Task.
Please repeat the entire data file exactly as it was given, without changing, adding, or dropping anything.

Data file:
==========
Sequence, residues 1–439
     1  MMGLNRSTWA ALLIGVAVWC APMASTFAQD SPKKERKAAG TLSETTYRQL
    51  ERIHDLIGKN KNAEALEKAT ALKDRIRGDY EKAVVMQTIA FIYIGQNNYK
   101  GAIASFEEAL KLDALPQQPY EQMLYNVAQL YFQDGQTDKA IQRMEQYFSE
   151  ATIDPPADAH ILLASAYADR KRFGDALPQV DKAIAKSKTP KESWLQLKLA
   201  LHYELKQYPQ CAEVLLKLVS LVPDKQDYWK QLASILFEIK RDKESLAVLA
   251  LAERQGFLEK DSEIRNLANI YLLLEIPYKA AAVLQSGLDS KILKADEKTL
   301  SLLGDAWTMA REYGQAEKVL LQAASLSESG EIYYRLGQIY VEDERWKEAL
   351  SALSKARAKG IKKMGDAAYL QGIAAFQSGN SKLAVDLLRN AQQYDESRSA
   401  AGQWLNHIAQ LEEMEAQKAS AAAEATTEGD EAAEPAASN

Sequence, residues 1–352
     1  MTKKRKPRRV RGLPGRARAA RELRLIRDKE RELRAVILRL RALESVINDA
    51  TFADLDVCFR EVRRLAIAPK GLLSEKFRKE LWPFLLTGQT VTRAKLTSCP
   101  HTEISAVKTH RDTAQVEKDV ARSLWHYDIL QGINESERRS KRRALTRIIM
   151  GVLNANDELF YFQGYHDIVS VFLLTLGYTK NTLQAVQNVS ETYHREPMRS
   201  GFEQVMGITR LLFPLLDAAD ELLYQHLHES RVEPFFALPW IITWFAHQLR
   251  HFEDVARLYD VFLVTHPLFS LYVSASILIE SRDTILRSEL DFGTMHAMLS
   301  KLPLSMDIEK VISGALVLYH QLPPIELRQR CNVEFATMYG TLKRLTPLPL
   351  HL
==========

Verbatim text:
Sequence, residues 1–439
     1  MMGLNRSTWA ALLIGVAVWC APMASTFAQD SPKKERKAAG TLSETTYRQL
    51  ERIHDLIGKN KNAEALEKAT ALKDRIRGDY EKAVVMQTIA FIYIGQNNYK
   101  GAIASFEEAL KLDALPQQPY EQMLYNVAQL YFQDGQTDKA IQRMEQYFSE
   151  ATIDPPADAH ILLASAYADR KRFGDALPQV DKAIAKSKTP KESWLQLKLA
   201  LHYELKQYPQ CAEVLLKLVS LVPDKQDYWK QLASILFEIK RDKESLAVLA
   251  LAERQGFLEK DSEIRNLANI YLLLEIPYKA AAVLQSGLDS KILKADEKTL
   301  SLLGDAWTMA REYGQAEKVL LQAASLSESG EIYYRLGQIY VEDERWKEAL
   351  SALSKARAKG IKKMGDAAYL QGIAAFQSGN SKLAVDLLRN AQQYDESRSA
   401  AGQWLNHIAQ LEEMEAQKAS AAAEATTEGD EAAEPAASN

Sequence, residues 1–352
     1  MTKKRKPRRV RGLPGRARAA RELRLIRDKE RELRAVILRL RALESVINDA
    51  TFADLDVCFR EVRRLAIAPK GLLSEKFRKE LWPFLLTGQT VTRAKLTSCP
   101  HTEISAVKTH RDTAQVEKDV ARSLWHYDIL QGINESERRS KRRALTRIIM
   151  GVLNANDELF YFQGYHDIVS VFLLTLGYTK NTLQAVQNVS ETYHREPMRS
   201  GFEQVMGITR LLFPLLDAAD ELLYQHLHES RVEPFFALPW IITWFAHQLR
   251  HFEDVARLYD VFLVTHPLFS LYVSASILIE SRDTILRSEL DFGTMHAMLS
   301  KLPLSMDIEK VISGALVLYH QLPPIELRQR CNVEFATMYG TLKRLTPLPL
   351  HL